Descent from Discipline to Abuse.


How governments and laws abuse children

How expectant couples abuse unborn children

 Child abuse is much more than underage’ labor, sexual advances, spanking, discrimination, biases and neglect; it is any form of mistreatment knowingly or unknowingly melted to any human being under the age of 18 years by parents, caregivers, guardians, governments and the society at large.

Governments may abuse children when policies are clearly ‘anti-kids’. Governments with no clear provision for underage basic health, economic and social needs are ‘children abusers’. When the provisions of the laws that protect vulnerable children, like Children Right Act of 2003 are not domesticated in many states talk less of implementation; the law, and the society become strong accomplices in the dastardly act of child abuse.  Couple’s poor unhealthy activities in diets, lifestyles and drugs can become unintended abuses on the child in the tommy.

What’s Child Abuse?

Child abuse is culture relative. What we see as proper upbringing or child mending methods, in this clime, might be a very serious problems in another clime.

Childhood is one of the most important stage in a man’s life. This is a time where other people- parents, guardians, relations, teachers, governments and others are expected to take care of children. It’s the stage where a person in Nigeria and elsewhere under the age of 18 cannot take responsibility for actions. It’s the formative age. A stage where what the society inculcate into a child defines the kind of adult the child grows to become.

Our people say it takes a whole village to raise a child.  In Africa, including Nigeria, all adults have a responsibility to look after the children in the society, whether those children are theirs or not. However, this communal responsibility is waning in our society today. (A little digression here) The problems of youth and adolescence in Nigeria today are being partly attributed to improper transition from communal model of childhood upbringing.

Child abuse is a severe mistreatment of a child by  parents, guardians, or other adults responsible for the child’s welfare.  It is a mistreatment that inflicts intentional/ unintentional physical, social psychological or emotional harm on a child.

A child is considered abused if he or she is treated in a way that is unacceptable in a given culture at a given time.

What is viewed as abusive in a society may not be so in another. What we view in Nigeria as perfect and normal upbringing procedure, could send care givers to jail in some countries. Despite the cultural relative nature of child abuse, there are standards in the concept and form of child abuse.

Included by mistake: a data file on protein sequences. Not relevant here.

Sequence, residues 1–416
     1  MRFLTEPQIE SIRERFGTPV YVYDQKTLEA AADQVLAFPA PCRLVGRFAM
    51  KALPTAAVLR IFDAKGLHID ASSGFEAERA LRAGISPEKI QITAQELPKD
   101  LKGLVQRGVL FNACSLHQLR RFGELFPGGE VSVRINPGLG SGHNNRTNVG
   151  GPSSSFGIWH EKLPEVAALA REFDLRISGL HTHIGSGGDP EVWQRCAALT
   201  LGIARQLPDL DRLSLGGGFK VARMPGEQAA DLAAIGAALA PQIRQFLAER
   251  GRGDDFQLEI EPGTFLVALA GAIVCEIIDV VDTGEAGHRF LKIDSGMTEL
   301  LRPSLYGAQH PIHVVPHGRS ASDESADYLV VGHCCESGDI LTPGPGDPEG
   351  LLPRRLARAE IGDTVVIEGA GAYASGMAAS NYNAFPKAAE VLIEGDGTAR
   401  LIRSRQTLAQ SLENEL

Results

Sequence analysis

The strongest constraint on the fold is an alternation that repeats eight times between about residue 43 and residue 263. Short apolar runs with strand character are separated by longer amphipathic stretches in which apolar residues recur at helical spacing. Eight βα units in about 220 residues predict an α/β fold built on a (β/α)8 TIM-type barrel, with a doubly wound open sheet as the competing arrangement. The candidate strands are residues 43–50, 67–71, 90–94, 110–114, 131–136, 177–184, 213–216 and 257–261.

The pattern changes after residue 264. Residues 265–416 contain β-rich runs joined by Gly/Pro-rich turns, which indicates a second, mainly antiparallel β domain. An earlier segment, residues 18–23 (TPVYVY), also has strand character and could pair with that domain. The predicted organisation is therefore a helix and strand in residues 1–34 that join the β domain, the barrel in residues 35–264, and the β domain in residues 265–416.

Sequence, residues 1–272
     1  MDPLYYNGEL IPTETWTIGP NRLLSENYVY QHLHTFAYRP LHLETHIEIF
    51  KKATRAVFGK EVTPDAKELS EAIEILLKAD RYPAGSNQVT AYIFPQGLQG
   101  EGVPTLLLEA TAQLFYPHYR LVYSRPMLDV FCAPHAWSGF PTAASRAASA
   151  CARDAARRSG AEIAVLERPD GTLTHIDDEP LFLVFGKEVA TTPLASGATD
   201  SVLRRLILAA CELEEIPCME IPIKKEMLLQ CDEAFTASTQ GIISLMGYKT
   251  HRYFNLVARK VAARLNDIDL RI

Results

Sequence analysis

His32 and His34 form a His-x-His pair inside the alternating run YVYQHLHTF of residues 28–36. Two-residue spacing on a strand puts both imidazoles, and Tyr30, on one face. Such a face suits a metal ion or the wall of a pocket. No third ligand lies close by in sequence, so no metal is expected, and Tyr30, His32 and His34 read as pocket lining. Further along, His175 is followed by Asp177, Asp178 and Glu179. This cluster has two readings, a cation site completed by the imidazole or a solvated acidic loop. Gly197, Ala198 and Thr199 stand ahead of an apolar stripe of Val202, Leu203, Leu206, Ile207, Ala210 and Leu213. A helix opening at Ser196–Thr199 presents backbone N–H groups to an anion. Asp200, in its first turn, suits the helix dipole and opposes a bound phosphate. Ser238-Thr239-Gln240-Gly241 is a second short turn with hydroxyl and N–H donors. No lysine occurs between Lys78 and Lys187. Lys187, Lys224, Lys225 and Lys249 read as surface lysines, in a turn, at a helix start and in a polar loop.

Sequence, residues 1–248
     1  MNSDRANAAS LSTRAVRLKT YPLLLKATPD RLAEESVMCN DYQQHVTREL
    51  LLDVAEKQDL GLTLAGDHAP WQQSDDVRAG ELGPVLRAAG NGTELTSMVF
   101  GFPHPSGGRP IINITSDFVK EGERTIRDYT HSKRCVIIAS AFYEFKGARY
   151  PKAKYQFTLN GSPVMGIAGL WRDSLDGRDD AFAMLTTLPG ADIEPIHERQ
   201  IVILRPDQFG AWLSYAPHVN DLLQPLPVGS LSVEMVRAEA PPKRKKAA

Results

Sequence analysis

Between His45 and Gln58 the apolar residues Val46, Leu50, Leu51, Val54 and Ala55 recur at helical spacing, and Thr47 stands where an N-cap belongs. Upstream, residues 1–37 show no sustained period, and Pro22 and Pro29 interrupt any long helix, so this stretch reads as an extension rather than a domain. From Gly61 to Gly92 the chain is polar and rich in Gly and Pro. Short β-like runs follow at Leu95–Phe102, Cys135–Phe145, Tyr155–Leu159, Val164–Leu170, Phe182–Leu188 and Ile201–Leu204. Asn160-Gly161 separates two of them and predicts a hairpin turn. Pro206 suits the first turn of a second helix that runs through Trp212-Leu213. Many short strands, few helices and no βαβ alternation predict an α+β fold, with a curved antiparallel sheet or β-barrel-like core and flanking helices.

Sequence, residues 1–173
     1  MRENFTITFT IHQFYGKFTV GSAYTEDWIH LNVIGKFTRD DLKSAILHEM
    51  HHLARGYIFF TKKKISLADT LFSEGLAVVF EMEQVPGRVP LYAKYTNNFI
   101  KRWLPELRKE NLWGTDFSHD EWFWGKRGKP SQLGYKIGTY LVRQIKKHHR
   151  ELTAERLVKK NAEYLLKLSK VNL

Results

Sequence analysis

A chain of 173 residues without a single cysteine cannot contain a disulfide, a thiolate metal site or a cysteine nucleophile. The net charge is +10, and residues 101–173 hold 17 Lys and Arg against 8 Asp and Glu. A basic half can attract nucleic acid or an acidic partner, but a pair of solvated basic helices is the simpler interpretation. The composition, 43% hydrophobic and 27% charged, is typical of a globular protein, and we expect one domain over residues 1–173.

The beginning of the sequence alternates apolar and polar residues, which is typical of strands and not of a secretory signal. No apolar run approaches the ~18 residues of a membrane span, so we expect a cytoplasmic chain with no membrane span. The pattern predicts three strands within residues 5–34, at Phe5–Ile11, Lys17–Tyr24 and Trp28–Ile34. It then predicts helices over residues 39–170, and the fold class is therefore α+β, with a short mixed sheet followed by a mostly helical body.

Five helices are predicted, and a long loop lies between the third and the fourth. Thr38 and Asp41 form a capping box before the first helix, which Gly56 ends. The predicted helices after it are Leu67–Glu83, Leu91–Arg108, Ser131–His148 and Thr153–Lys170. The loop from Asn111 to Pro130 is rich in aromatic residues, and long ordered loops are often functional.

Abuses of children occur everywhere but more profound in the poor countries of the world including Nigeria.

 Discipline versus Abuse


Whether it is direct parent, communal/ society, or school setting, discipline is an integral part of child rearing in all cultures and especially in Africa. Discipline means care givers’ efforts at inculcating into the children the right principles of self-control, acceptable behaviors, societal ethos and norms, tolerance, love and sharing.

Our people say spare the rod and spoil the child. Upbringing of child by adults in our climes are often driven by the spirit to mold the vulnerable child to a responsible adult. Hence punishments including beating, pinching, scolding, verbal abuse, shouting, neglect, space restrictions, eye contact reprimand etc are not left out of the molding process. Many of these disciplinary measures are however captured under the child abuse index. So, when does discipline become abuse?

All violent physical and psychological disciplinary measures, according to research, have negative impacts on children’s mental, social and psychological development and therefore constitute abuse of the child.

All disciplinary measures expressed with any trait of anger by the parent and or care giver constitute child abuse. It’s normal for a parent to feel angry and frustrated, but the moment parents and or care giver’s angers drive the form and style of the punishments, rather than the need to teach the child, such measures have slipped to abuse.

Child abuse will occur if:

– child is physically injure, including bruising, broken skin, swelling and or a situation that require medical treatment

– punishment is meant to instil fear rather than to educate the child

-Parents, care-givers, teachers’ losses control

– action is inappropriate for the child’s age

– action results from care-givers unreasonable demands or expectations of the child.

If any of these scenario manifest in your children upbringing styles, then you have crossed the line of divide between child discipline and child abuse.

It is important that parents, care-givers, guardians, school officials watch out for any of these in the course molding children to become responsible adults.

Join us next week for a fresh perspective on Governments / Laws & Society culpabilities in the abuse of children



 Source: Dare Agbeluyi, Chief Publisher.

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